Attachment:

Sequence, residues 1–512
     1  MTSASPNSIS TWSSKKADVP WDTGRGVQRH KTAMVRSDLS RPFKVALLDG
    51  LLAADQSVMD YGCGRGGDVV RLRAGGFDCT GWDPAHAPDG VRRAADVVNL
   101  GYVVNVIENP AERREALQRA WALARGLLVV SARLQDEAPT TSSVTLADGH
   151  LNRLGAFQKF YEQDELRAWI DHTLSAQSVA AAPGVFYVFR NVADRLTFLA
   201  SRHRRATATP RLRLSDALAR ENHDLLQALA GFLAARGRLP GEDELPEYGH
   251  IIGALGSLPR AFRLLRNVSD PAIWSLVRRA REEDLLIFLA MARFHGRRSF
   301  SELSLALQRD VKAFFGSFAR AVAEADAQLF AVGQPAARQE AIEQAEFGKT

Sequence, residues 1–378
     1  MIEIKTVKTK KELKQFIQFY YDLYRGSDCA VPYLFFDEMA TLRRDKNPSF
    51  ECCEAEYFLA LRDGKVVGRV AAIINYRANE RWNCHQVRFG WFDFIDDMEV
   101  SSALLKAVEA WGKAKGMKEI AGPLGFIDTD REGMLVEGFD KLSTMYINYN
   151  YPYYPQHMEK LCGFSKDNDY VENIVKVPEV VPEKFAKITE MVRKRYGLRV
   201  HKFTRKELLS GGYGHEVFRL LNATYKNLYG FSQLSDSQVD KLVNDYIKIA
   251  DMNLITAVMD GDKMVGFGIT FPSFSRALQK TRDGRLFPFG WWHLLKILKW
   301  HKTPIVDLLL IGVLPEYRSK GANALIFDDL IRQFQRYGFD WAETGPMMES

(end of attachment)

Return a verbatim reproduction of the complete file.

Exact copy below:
Sequence, residues 1–512
     1  MTSASPNSIS TWSSKKADVP WDTGRGVQRH KTAMVRSDLS RPFKVALLDG
    51  LLAADQSVMD YGCGRGGDVV RLRAGGFDCT GWDPAHAPDG VRRAADVVNL
   101  GYVVNVIENP AERREALQRA WALARGLLVV SARLQDEAPT TSSVTLADGH
   151  LNRLGAFQKF YEQDELRAWI DHTLSAQSVA AAPGVFYVFR NVADRLTFLA
   201  SRHRRATATP RLRLSDALAR ENHDLLQALA GFLAARGRLP GEDELPEYGH
   251  IIGALGSLPR AFRLLRNVSD PAIWSLVRRA REEDLLIFLA MARFHGRRSF
   301  SELSLALQRD VKAFFGSFAR AVAEADAQLF AVGQPAARQE AIEQAEFGKT

Sequence, residues 1–378
     1  MIEIKTVKTK KELKQFIQFY YDLYRGSDCA VPYLFFDEMA TLRRDKNPSF
    51  ECCEAEYFLA LRDGKVVGRV AAIINYRANE RWNCHQVRFG WFDFIDDMEV
   101  SSALLKAVEA WGKAKGMKEI AGPLGFIDTD REGMLVEGFD KLSTMYINYN
   151  YPYYPQHMEK LCGFSKDNDY VENIVKVPEV VPEKFAKITE MVRKRYGLRV
   201  HKFTRKELLS GGYGHEVFRL LNATYKNLYG FSQLSDSQVD KLVNDYIKIA
   251  DMNLITAVMD GDKMVGFGIT FPSFSRALQK TRDGRLFPFG WWHLLKILKW
   301  HKTPIVDLLL IGVLPEYRSK GANALIFDDL IRQFQRYGFD WAETGPMMES